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ANF02. Fathers of the Second Century: Hermas, Tatian, Athenagoras, Theophilus, and Clement of Alexandria (Entire)
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Chap. XIX.—Women as well as Men Capable of Perfection.

In this perfection it is possible for man and woman equally to share. It is not only Moses, then, that heard from God, “I have spoken to thee once, and twice, saying, I have seen this people, and lo, it is stiff-necked. Suffer me to exterminate them, and blot out their name from under heaven; and I will make thee into a great and wonderful nation much greater than this;” who answers not regarding himself, but the common salvation: “By no means, O Lord; forgive this people their sin, or blot me out of the book of the living.”28632863    Ex. xxxii. 9, 10, 32. How great was his perfection, in wishing to die together with the people, rather than be saved alone!

But Judith too, who became perfect among women, in the siege of the city, at the entreaty of the elders went forth into the strangers’ camp, despising all danger for her country’s sake, giving herself into the enemy’s hand in faith in God; and straightway she obtained the reward of her faith,—though a woman, prevailing over the enemy of her faith, and gaining possession of the head of Holofernes. And again, Esther perfect by faith, who rescued Israel from the power of the king and the satrap’s cruelty: a woman alone, afflicted with fastings,28642864    So rendered by the Latin translator, as if the reading were τεθλιμμένη. held back ten thousand armed28652865    Sylburguis’ conjecture of ὡπλισμένας instead of ὁπλισαμένας is here adopted. hands, annulling by her faith the tyrant’s decree; him indeed she appeased, Haman she restrained, and Israel she preserved scathless by her perfect prayer to God. I pass over in silence Susanna and the sister of Moses, since the latter was the prophet’s associate in commanding the host, being superior to all the women among the Hebrews who were in repute for their wisdom; and the former in her surpassing modesty, going even to death condemned by licentious admirers, remained the unwavering martyr of chastity.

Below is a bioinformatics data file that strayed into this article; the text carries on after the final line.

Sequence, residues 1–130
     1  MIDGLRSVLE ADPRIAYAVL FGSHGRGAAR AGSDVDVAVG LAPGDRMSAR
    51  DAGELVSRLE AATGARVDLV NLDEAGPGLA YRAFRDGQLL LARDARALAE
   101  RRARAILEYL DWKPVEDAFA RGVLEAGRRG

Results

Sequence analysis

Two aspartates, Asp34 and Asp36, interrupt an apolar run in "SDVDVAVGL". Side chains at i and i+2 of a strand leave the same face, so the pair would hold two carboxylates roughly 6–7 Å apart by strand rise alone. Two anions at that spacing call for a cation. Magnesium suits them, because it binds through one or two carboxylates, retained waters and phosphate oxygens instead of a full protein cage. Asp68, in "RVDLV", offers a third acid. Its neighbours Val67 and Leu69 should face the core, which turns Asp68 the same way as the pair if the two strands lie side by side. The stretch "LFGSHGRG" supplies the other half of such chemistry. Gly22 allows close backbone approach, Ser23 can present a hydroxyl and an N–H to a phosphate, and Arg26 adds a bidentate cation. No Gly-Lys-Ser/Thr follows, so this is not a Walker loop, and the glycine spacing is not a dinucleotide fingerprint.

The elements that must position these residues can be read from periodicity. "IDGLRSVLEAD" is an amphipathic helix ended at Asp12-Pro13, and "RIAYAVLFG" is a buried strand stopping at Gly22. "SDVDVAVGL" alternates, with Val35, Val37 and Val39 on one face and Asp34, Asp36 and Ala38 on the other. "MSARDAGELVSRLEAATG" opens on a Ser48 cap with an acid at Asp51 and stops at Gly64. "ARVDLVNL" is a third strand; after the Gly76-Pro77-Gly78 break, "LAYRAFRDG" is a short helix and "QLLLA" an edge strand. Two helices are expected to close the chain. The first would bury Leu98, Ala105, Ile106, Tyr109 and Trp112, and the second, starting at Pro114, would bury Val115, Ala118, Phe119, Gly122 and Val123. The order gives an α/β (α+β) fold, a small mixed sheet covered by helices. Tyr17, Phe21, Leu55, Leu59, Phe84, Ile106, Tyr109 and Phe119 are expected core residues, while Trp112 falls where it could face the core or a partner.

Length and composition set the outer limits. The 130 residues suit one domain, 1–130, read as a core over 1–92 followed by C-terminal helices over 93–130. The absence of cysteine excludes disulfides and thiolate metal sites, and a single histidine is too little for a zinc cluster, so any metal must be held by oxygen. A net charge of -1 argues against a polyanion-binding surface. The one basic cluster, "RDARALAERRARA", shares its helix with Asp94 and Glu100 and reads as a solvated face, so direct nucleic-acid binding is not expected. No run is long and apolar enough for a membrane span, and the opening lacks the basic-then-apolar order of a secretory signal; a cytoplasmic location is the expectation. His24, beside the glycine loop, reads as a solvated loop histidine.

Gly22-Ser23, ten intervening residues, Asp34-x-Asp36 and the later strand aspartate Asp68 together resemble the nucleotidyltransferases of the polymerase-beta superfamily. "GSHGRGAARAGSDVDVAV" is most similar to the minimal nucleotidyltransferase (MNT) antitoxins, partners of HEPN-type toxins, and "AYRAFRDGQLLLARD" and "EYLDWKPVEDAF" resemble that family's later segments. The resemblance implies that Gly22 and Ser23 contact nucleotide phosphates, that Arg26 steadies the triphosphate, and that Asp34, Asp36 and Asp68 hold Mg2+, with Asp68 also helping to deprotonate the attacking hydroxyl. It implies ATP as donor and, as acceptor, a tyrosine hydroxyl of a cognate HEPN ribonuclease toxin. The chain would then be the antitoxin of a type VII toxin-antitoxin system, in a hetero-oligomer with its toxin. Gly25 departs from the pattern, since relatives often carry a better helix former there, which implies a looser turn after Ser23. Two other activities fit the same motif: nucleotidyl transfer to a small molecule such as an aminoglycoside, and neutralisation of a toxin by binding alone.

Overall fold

Dion, too, the philosopher, tells that a certain woman Lysidica, through excess of modesty, bathed in her clothes; and that Philotera, when she was to enter the bath, gradually drew back her tunic as the water covered the naked parts; and then rising by degrees, put it on. And did not Leæna of Attica manfully bear the torture? She being privy to the conspiracy of Harmodius and Aristogeiton against Hipparchus, uttered not a word, though severely tortured. And they say that the Argolic women, under the guidance of Telesilla the poetess, turned to flight the doughty Spartans by merely showing themselves; and that she produced in them fearlessness of death. Similarly speaks he who composed the Danais respecting the daughters of Danaus:—

“And then the daughters of Danaus swiftly armed themselves,

Before the fair-flowing river, majestic Nile28662866    Sylburguis’ conjecture of ὡπλισμένας instead of ὁπλισαμένας is here adopted.,”

and so forth.